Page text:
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Galaxy S8: First Device To Use Bluetooth 5

Galaxy S8: First Device To Use Bluetooth 5


This week, the whole world got caught up in the excitement of Samsung’s unveiling of its two latest Galaxy devices -- the Galaxy S8 and the Galaxy S8 Plus. The two new phablets are indeed impressive handsets and many even believe that the flagship offerings will inject renewed vigor in the world of mobile (which has suffered slowed growth in the last few quarters), and perhaps get consumers to buy new smartphones again. 

But lost in all that noise is the fact that the Galaxy S8 and the Galaxy S8 Plus are the first ever devices to make full use of Bluetooth 5, the newest iteration of Bluetooth wireless tech. For those not familiar with Bluetooth 5, it happens to be capable of achieving two times the connection speed of Bluetooth 4.2 (the previous version) and four times the range. To put that into context, Bluetooth 5 basically allows users to connect to smartwatches and other wearable devices with better responsiveness. Also, smart home devices can connect from a farther distance compared to what we are used today.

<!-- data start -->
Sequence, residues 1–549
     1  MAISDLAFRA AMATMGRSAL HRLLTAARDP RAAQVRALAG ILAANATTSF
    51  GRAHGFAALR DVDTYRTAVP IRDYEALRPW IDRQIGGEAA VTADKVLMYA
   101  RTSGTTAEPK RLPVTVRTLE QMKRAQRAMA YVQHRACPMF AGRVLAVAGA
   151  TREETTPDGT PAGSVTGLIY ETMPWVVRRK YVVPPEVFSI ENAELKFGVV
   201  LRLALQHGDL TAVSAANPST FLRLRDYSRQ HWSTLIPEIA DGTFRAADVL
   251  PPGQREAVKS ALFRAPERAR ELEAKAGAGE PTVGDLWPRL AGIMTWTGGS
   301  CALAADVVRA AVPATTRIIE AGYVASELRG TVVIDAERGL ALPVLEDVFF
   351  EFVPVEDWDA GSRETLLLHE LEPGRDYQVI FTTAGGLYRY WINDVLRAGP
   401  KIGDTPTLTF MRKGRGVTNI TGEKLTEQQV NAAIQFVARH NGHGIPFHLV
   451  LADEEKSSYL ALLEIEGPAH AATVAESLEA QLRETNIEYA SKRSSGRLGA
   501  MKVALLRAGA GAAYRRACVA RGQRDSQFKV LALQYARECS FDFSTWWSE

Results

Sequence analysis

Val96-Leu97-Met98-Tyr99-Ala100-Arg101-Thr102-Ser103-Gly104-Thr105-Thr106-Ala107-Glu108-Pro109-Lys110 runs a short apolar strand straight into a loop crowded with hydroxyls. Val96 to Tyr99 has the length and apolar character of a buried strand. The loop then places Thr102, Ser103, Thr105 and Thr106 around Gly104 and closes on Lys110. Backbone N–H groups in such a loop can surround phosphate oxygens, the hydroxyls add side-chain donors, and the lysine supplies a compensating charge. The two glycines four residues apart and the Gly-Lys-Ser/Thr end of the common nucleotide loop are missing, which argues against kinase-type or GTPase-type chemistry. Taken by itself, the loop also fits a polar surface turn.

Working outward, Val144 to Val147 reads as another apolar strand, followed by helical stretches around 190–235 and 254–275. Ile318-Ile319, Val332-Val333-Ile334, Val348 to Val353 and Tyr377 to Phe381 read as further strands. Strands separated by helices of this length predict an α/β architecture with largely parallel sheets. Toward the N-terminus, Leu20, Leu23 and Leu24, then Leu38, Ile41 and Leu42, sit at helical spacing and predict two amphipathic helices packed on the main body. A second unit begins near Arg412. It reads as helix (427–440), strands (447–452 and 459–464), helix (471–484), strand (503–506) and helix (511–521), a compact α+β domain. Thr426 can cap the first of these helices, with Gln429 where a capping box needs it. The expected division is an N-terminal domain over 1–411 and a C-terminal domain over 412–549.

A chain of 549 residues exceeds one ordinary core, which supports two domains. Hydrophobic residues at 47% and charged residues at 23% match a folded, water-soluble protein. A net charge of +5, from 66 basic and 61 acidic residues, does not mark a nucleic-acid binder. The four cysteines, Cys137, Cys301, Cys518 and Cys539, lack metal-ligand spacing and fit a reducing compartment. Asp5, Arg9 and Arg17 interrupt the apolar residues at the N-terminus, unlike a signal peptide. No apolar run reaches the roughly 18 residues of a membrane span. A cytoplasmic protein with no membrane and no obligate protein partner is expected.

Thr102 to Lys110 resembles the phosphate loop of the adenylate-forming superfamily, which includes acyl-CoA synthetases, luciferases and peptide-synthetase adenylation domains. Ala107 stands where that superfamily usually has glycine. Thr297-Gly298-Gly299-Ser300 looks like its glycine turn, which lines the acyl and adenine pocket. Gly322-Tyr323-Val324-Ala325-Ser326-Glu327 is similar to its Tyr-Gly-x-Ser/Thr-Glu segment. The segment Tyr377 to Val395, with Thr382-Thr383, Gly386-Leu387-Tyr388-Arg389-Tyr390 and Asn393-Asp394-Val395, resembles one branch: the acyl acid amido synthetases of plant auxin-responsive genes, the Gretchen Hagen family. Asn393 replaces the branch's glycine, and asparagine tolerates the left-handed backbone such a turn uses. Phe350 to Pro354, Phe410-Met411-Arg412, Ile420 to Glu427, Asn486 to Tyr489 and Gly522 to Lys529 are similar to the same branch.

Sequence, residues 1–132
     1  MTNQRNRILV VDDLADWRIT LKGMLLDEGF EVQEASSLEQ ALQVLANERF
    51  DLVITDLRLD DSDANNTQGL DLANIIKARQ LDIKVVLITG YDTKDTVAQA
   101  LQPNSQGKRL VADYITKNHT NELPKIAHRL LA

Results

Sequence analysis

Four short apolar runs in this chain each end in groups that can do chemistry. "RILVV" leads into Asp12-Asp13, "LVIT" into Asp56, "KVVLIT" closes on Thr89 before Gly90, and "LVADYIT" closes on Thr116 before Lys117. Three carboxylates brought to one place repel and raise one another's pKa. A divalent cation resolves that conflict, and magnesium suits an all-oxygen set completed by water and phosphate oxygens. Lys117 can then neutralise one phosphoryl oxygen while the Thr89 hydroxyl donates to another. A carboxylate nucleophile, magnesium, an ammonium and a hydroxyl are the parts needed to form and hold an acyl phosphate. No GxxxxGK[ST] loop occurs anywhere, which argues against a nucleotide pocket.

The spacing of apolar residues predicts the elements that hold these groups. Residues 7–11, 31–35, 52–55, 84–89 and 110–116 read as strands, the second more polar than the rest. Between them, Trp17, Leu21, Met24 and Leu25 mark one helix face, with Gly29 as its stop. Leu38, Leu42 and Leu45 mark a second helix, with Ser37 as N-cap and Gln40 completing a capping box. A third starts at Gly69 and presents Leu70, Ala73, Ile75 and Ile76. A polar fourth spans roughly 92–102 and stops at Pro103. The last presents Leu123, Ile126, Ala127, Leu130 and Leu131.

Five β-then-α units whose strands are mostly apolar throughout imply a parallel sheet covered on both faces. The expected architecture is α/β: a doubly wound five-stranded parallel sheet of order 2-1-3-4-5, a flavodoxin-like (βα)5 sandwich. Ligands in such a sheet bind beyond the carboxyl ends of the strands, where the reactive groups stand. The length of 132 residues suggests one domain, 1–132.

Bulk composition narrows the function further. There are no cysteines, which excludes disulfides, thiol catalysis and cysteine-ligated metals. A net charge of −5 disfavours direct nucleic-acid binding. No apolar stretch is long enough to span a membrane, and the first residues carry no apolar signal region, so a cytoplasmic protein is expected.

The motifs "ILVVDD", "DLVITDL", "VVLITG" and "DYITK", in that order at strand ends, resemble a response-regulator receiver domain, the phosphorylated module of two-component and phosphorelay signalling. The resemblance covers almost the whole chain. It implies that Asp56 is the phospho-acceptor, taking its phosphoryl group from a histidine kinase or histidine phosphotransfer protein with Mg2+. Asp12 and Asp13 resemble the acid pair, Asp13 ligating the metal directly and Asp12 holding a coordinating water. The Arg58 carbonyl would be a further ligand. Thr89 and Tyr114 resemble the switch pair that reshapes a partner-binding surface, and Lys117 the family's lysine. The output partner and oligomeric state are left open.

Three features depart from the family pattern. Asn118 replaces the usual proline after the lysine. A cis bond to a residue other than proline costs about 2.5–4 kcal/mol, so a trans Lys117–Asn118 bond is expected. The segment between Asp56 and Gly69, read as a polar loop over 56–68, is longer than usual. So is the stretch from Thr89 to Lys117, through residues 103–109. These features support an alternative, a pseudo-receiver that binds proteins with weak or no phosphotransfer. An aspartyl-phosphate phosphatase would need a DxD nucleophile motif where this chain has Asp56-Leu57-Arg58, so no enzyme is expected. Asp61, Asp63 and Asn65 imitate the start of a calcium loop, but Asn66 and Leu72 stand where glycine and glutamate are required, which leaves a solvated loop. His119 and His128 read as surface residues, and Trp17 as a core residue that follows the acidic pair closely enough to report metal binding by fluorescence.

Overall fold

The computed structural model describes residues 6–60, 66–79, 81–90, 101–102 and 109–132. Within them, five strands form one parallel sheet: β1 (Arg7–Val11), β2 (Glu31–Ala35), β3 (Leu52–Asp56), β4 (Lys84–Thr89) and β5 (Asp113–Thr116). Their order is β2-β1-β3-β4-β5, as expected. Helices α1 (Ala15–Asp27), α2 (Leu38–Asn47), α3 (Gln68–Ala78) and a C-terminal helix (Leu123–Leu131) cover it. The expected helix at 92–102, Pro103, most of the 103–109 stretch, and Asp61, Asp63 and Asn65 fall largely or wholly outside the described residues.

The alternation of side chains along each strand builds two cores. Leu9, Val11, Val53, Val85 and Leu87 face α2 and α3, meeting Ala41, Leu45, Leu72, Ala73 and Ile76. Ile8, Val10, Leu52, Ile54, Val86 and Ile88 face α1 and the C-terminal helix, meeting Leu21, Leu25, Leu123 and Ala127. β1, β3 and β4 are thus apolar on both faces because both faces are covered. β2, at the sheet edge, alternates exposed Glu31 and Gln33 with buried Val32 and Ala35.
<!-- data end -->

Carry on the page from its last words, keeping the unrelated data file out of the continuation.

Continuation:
Granted, one can only truly appreciate the enhanced capabilities of Bluetooth 5 when two devices that have support for the wireless tech are connecting to each other. Still, with Samsung’s newest flagship devices firmly in on the fun, there is no doubt that other device makers should follow suit. 

It also good to remember that despite Bluetooth 5’s leap in technology, it still is not perfect. To cite an example, Bluetooth 5 still not that good in transmitting higher quality wireless audio (the good news is that this is coming a year from now), which means that wireless Bluetooth headphones for now will still not improve in terms of overall sound. 

Bluetooth 5 was first announced back in December of last year. Apart from delivering many improvements upon the previous version, Bluetooth 5 also has the advantage of more efficient interoperability and compatibility with other forms of wireless technology, especially long term evolution (LTE) tech.

As explained by Steve Hegenderfer, the director of Developer Programs at the Bluetooth Special Interest Group, Bluetooth 5 will coexist with Wi-Fi in ways never witnessed before. This coexistence is critical because of the increasing popularity of the Internet of Things. Much has been said about how the success of IoT is dependent on how well LTE can handle several connected devices, but the reality is that in a truly connected world, all sorts of gadgets will connect to each other using every option available, including Bluetooth.